Sunday, September 28, 2003

I love Philadelphia. After moving here almost four years ago, I decided to make the city my home and buy property. So before I launch into what is going to be a major bitchfest about what's wrong with this fucking place, please keep in mind: I love it here. And I get mad because Philly is not the best place it could be. We've gone through a few slogans since I arrived. The City of Brotherly Love. The Place the Loves You Back I have a better motto: Philadelphia: The Loveable Place That Makes Astonishingly Bad Decisions.
We have so many wonderful things going for us. We are strategicallly located, a few hours from new York City and Washington DC. We're home to some of the most architecturally diverse and historically relevant sites anywhere else in the entire United States. We have a beautiful park, the largest city park in the world. yet we also have some of the worst schools in the country, a steady brain drain, a history of racial tension. We have an oppressive wage tax. All of these cons balance out the pros of living in Philadelphia, and all will someday have to be addressed. For my money however, the one thing that simply must be changed in Philadelphia, for the good of our air as well as for city's collective well-being, is an overhaul of how we deal with public transportation, especially revamping the light rail and trolley lines and how they connect our neighborhoods. Because if there is ANYTHING that is going to send me screaming into the night with my duffel bag over my shoulder it is the way the state and SEPTA have completely and utterly fucked up what was once an amazing rail system.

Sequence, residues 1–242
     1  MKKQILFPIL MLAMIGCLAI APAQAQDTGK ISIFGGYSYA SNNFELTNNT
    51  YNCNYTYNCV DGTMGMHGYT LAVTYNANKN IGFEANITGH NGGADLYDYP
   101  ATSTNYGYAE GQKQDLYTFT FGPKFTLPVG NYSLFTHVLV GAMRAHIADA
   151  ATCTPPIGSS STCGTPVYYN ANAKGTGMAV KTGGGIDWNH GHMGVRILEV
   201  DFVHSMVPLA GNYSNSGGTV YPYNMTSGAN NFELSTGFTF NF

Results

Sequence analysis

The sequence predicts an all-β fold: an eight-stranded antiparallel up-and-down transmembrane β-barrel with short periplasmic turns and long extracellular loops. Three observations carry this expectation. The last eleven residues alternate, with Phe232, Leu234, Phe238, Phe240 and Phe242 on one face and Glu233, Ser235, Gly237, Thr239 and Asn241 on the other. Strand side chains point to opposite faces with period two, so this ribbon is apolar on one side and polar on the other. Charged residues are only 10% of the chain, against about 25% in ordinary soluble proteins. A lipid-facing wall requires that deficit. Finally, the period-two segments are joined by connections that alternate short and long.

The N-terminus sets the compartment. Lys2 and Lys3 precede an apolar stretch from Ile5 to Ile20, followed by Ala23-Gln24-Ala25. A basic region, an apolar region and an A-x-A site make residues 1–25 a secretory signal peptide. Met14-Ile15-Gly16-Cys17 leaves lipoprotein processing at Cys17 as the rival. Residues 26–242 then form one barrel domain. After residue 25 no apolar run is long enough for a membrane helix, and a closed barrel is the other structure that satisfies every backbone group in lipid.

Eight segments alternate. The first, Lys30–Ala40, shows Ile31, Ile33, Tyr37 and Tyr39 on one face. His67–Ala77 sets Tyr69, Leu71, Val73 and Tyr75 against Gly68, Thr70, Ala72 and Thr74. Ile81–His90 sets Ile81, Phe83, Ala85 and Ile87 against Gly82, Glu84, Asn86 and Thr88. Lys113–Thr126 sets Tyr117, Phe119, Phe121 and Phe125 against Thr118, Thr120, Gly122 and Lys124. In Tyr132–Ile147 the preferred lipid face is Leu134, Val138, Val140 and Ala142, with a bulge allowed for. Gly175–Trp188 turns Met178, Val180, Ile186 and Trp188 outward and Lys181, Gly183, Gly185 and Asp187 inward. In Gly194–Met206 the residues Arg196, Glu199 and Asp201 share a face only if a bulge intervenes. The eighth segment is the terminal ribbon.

To understand the magnitude of this, it's informative to look to the past. There is an absolutely wonderful site called, that provides not only a look back at the cars, but how the system has changed, largely for the worse, over the years. For instance, this map is from 1944. Zoom in on any of the quadrants, and you will see that on nearly every single street in Center City, there was a trolley or trackless trolley. Northeast Philadelphia had an extensive network of streetcars. Even the less populated ares to the west had a variety of options. Today, a fraction of those lines remain and they are woefully mismanaged.

Subways and subway surface cars will always be preferable to buses, which tend to bundle and get caught in traffic. Furthermore, they don't pollute the air as much nor do they make as much noise. Yet only two of the five running trolleys run all night, and both the Market Street El and the Broad Street Subway shut down at 12:30n or so. They provide shuttle buses, but it has been my personal experience that the shuttle service is much slower than the train. The regional rails lines to both the suburbs and neighborhoods far from Center City like Manayunk and Chestnut Hill shut down before last call, isolating our neighborhoods and costing people money in cab fares and parking fees.